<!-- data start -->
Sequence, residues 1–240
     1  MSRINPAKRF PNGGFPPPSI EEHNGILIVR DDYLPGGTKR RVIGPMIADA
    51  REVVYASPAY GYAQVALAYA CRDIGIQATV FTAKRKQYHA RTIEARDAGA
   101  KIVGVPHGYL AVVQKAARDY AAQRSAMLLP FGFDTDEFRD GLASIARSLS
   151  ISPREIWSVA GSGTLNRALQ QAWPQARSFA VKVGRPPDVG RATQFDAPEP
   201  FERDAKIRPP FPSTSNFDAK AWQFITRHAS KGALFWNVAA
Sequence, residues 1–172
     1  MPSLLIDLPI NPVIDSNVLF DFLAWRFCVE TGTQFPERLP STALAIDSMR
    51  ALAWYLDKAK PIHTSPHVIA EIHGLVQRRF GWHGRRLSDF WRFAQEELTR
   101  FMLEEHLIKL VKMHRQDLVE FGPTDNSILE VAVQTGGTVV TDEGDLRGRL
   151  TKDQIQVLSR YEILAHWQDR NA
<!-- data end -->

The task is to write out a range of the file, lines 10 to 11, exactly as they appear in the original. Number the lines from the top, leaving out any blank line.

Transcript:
   101  FMLEEHLIKL VKMHRQDLVE FGPTDNSILE VAVQTGGTVV TDEGDLRGRL
   151  TKDQIQVLSR YEILAHWQDR NA